# Transistor Analysis of a Common Base(?) BJT

Hey. I am a biomedical engineering student focusing on the biomaterials side. However, my university makes me take a few electrical engineering classes as well. So I am not very good at this. I was hoping if anyone could help me out.

As of rn, I have tried to use DC bias to find Ie. But I feel that Ie should be just 1mA due to the current source and Ic should be 0.5mA. But if I use Ic/alpha I get 505 microAmps. Could anyone point me in the right direction please?

• How do you calculate $I_C$ to be 0.5 mA if $\beta=100$? Apr 8, 2020 at 0:06
• The collector cannot go below the emitter voltage. The problem specifies that voltage. At most the collector current is $\frac{5\:\text{V}-\left(-700\:\text{mV}\right)}{10\:\text{k}\Omega}=570\:\mu\text{A}$. Given the emitter is having $1\:\text{mA}$ pulled out of it by force, this means the base current is at least $430\:\mu\text{A}$. So I don't know what the $\beta=100$ means in this case. The $-5\:\text{V}$ voltage reference is irrelevant, too. As the BJT is heavily saturated, so collector looks like a voltage source, the voltage gain is very close to 1 (slightly more, perhaps.)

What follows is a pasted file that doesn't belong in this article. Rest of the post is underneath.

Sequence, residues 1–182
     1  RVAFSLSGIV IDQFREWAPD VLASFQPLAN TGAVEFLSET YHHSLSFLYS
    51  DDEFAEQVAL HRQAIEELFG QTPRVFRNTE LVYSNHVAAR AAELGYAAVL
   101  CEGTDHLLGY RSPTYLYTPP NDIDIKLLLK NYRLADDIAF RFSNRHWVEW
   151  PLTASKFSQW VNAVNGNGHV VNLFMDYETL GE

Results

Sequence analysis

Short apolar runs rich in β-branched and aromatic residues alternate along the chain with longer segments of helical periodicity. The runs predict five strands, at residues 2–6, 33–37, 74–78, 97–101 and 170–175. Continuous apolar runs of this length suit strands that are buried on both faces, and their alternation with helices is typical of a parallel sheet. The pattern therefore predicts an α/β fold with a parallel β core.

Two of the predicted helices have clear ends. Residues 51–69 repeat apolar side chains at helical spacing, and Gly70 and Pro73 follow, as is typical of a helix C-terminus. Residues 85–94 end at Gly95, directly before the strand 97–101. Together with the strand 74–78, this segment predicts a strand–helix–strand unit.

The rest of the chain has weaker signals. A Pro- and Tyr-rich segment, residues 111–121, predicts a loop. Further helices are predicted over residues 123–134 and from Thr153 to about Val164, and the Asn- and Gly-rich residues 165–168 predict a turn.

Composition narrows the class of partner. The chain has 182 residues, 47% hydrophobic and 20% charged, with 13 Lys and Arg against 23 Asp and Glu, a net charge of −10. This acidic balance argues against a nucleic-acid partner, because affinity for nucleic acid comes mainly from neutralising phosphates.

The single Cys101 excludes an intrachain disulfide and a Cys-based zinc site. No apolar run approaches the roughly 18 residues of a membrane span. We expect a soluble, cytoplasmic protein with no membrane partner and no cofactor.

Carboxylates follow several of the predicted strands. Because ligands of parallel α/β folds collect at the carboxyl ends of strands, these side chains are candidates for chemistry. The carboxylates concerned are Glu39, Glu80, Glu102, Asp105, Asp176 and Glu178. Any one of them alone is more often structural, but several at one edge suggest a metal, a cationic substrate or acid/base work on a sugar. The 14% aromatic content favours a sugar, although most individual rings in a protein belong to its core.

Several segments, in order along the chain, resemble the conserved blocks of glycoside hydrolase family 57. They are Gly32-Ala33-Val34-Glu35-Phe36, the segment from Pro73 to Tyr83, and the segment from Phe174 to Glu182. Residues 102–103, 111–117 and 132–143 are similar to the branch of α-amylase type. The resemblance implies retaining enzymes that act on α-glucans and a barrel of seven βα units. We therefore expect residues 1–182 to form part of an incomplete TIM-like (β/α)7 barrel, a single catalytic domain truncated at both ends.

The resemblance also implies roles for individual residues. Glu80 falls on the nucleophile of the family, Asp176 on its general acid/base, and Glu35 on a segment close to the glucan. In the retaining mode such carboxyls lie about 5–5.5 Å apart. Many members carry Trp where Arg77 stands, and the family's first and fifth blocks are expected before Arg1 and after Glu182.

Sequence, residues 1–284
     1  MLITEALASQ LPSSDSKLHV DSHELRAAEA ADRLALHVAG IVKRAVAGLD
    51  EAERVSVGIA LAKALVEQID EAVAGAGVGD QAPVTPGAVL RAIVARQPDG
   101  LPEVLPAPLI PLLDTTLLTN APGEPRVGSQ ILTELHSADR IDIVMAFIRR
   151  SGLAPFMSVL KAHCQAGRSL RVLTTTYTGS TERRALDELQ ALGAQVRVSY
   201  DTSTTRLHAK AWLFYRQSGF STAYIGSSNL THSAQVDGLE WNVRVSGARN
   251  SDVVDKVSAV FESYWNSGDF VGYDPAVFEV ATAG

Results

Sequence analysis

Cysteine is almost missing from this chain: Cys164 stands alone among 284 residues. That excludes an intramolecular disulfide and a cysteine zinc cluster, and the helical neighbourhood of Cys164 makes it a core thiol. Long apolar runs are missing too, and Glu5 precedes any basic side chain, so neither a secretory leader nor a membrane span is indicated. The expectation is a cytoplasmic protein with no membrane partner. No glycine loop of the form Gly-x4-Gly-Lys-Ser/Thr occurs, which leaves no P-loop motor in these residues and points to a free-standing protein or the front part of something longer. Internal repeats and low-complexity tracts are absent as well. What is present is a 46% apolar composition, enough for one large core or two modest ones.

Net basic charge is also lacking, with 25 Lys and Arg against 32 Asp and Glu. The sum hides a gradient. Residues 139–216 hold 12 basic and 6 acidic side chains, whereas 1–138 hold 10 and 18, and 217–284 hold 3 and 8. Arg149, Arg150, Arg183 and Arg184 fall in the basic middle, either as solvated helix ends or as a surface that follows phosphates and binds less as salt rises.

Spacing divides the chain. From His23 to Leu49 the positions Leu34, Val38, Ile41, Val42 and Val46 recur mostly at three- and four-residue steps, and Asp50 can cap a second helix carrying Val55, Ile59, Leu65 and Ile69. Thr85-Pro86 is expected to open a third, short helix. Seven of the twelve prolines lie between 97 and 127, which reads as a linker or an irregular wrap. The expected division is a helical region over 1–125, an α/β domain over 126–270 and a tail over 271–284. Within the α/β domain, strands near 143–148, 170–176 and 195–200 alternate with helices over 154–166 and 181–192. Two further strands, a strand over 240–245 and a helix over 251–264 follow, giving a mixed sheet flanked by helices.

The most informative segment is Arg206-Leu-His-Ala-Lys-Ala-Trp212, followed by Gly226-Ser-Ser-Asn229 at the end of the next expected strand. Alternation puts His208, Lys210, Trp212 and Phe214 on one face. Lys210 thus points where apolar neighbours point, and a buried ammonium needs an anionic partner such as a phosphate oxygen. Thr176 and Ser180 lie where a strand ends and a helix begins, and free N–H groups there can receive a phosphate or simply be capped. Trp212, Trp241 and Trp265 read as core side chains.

– jonk
Apr 8, 2020 at 6:23
• It's a trick question : as an amplifier, it is broken.
– user16324
Apr 8, 2020 at 14:24
• @ThePhoton 5V/10K should get me Ic right? Apr 8, 2020 at 18:28
• Not if the BJT is biased into forward active mode. You can't assume the collector is at 0 V. Apr 8, 2020 at 19:50